Most people do not believe that they are likely to experience a major natural disaster, so many do not plan for the possibility that one might occur. Yet a majority of us live in places that experience one or more kinds of disasters, including tornadoes, floods, hurricanes, wildfires, mudslides and earthquakes. Older adults may be particularly vulnerable in such disasters, so planning in advance can help older adults and their families to be safer and to reduce stress.
For older adults and families, see It Could Happen to Me: Family Conversations About Disaster Planning (pdf) for the ABCs of disaster preparedness.
Families with a loved one with dementia face additional challenges in planning for natural disasters. They need to keep not only themselves safe, but also a loved one who may not understand what is happening, who may not be able to help, and who may even hinder the process of preparing. The Calm Before the Storm: Family Conversations about Disaster Planning, Caregiving, Alzheimer’s Disease and Dementia (pdf) draws on insight from families and caregivers with a loved one with dementia to provide suggestions and information about how families can plan more successfully for natural disasters.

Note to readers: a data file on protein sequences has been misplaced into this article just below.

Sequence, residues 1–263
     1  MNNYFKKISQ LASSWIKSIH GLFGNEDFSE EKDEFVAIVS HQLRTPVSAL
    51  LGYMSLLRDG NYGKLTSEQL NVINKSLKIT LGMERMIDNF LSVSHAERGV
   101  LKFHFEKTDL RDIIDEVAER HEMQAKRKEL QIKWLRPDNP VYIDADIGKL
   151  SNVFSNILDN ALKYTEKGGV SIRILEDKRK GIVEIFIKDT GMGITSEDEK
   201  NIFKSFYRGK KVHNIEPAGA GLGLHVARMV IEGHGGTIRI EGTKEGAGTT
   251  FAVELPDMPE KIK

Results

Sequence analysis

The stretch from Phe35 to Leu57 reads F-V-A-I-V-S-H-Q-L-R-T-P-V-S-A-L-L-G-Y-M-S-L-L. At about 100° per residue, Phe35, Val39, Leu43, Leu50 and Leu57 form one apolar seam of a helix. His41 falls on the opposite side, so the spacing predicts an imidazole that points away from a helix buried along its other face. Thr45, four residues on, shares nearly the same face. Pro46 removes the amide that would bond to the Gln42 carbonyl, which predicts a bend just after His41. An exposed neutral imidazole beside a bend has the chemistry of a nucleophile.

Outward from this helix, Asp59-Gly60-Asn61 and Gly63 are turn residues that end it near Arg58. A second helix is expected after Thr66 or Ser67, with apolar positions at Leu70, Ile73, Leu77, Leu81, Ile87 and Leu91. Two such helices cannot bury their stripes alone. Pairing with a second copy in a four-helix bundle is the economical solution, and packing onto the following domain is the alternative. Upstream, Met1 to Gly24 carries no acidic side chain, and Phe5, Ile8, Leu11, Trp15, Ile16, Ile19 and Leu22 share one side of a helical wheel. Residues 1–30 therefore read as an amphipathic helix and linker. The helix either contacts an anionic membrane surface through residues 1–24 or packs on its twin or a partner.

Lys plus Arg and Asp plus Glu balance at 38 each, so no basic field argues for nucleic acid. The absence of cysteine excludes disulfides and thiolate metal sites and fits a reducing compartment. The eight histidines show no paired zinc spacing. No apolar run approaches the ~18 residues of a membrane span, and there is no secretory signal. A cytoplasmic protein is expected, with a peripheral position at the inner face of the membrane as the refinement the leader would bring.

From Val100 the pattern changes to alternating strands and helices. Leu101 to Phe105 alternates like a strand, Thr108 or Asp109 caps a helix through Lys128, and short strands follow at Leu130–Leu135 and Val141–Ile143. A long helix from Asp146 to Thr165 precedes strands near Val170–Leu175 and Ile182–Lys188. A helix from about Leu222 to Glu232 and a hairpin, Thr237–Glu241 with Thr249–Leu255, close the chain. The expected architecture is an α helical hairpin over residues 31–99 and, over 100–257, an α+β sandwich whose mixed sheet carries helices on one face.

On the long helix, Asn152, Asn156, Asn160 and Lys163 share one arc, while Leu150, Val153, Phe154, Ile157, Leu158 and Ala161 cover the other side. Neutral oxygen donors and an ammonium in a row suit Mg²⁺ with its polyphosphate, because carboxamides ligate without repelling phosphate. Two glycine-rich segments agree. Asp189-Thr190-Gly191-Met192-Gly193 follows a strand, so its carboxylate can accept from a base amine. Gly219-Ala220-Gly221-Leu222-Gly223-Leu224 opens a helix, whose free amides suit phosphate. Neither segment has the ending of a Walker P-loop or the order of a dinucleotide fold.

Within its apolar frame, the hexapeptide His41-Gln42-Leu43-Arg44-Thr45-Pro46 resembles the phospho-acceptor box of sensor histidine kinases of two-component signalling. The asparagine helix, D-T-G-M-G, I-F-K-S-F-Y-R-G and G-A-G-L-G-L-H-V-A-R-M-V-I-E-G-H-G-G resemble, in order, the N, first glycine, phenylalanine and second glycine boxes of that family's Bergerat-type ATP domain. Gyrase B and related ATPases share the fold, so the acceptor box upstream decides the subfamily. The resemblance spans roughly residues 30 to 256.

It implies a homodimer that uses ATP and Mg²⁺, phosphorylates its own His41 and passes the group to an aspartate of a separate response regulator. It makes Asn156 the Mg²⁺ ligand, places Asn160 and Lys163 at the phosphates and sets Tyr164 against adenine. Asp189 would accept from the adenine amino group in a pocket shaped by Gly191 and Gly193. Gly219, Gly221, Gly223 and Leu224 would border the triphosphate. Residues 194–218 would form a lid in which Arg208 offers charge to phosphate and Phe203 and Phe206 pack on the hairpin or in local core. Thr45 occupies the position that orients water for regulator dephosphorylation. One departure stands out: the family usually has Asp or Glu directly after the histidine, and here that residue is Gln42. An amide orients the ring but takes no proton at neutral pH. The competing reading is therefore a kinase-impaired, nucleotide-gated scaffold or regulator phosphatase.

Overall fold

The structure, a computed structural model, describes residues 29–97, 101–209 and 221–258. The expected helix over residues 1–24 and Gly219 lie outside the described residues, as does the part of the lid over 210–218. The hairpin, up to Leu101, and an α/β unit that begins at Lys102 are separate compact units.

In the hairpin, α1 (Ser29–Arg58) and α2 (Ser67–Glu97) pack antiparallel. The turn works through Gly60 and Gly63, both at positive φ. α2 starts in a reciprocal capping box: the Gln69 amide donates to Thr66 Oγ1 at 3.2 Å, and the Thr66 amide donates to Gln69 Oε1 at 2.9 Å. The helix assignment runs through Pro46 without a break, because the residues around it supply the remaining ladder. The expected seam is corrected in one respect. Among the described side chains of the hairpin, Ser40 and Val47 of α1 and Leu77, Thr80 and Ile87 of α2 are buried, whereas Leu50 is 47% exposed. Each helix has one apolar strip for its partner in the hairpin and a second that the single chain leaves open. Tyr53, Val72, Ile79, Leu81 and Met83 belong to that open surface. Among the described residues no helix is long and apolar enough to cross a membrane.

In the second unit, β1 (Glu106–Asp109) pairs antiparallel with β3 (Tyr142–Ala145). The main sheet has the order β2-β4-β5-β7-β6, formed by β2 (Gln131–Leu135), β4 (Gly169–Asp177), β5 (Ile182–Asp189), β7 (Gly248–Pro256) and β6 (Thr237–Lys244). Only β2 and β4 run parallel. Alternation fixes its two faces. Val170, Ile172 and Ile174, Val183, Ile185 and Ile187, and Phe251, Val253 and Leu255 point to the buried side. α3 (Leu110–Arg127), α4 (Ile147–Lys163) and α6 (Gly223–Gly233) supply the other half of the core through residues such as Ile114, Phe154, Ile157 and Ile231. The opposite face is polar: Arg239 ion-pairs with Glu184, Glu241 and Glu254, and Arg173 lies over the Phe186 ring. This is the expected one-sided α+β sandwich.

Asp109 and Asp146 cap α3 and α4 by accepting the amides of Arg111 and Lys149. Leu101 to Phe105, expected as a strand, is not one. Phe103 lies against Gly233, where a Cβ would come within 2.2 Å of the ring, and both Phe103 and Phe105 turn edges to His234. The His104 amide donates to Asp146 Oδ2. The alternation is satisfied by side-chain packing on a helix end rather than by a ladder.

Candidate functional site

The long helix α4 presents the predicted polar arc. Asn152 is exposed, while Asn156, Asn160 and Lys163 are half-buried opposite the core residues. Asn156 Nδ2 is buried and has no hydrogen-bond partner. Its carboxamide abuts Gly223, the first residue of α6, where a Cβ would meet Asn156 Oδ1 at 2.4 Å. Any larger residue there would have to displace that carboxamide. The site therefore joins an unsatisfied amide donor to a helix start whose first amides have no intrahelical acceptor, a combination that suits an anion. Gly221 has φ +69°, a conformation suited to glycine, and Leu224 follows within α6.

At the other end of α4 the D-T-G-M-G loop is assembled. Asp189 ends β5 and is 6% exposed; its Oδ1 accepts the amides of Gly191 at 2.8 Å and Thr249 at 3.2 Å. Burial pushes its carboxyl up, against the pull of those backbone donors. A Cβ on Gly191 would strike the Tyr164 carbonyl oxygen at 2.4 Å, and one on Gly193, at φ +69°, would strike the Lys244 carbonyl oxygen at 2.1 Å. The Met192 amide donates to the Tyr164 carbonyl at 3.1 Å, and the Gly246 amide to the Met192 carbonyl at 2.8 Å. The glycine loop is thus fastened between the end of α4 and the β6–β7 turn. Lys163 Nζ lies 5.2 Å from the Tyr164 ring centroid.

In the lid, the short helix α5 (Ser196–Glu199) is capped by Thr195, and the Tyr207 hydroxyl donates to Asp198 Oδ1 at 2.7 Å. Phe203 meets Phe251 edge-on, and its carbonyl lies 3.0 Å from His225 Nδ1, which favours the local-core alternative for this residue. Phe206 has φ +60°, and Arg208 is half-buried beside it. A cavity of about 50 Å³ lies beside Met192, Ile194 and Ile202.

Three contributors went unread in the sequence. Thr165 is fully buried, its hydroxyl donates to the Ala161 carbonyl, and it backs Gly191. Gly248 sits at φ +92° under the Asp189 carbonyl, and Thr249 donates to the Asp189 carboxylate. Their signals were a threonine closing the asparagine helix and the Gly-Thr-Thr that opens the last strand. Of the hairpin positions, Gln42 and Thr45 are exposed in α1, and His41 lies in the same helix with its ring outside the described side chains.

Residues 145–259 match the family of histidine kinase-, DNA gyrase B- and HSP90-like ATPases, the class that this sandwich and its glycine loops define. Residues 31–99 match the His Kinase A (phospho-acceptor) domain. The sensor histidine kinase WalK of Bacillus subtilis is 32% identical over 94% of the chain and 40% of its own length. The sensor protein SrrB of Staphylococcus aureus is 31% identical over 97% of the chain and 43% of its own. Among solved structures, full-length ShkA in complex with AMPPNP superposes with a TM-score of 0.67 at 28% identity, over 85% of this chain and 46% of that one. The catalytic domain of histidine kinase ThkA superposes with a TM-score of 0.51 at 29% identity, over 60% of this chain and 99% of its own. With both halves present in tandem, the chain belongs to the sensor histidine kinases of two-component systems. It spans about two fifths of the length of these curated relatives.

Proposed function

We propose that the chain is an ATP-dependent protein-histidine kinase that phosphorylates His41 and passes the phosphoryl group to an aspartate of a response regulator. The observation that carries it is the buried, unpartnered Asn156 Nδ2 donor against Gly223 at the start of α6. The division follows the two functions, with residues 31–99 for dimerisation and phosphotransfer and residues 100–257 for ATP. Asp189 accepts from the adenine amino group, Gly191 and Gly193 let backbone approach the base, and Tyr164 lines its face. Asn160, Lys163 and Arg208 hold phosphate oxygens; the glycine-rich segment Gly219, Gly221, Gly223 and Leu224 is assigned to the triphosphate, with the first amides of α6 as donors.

Other Resources Include:
- The American Red Cross offers tips for preparing for different kinds of disaster situations
- The CDC has a site on Emergency Preparedness and Older Adults and Planning Tips (pdf)
- The American Veterinary Medical Association’s booklet Saving the Whole Family for suggestions on planning to keep pets safe